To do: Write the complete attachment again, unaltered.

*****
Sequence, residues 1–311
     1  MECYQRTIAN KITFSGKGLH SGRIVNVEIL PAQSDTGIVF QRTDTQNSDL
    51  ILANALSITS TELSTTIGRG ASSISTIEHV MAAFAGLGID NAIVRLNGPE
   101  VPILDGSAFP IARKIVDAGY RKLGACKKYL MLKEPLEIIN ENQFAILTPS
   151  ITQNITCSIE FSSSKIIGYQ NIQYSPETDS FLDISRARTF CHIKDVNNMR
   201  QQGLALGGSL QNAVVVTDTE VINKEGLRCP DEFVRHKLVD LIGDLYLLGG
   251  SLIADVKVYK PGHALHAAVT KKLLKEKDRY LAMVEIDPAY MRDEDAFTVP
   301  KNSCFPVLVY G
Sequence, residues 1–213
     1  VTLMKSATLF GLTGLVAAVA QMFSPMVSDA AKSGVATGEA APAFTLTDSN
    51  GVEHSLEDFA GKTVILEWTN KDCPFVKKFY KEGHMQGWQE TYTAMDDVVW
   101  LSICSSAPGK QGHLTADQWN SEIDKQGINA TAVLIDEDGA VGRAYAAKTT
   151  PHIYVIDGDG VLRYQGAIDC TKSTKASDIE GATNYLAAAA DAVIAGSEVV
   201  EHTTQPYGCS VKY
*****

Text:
Sequence, residues 1–311
     1  MECYQRTIAN KITFSGKGLH SGRIVNVEIL PAQSDTGIVF QRTDTQNSDL
    51  ILANALSITS TELSTTIGRG ASSISTIEHV MAAFAGLGID NAIVRLNGPE
   101  VPILDGSAFP IARKIVDAGY RKLGACKKYL MLKEPLEIIN ENQFAILTPS
   151  ITQNITCSIE FSSSKIIGYQ NIQYSPETDS FLDISRARTF CHIKDVNNMR
   201  QQGLALGGSL QNAVVVTDTE VINKEGLRCP DEFVRHKLVD LIGDLYLLGG
   251  SLIADVKVYK PGHALHAAVT KKLLKEKDRY LAMVEIDPAY MRDEDAFTVP
   301  KNSCFPVLVY G
Sequence, residues 1–213
     1  VTLMKSATLF GLTGLVAAVA QMFSPMVSDA AKSGVATGEA APAFTLTDSN
    51  GVEHSLEDFA GKTVILEWTN KDCPFVKKFY KEGHMQGWQE TYTAMDDVVW
   101  LSICSSAPGK QGHLTADQWN SEIDKQGINA TAVLIDEDGA VGRAYAAKTT
   151  PHIYVIDGDG VLRYQGAIDC TKSTKASDIE GATNYLAAAA DAVIAGSEVV
   201  EHTTQPYGCS VKY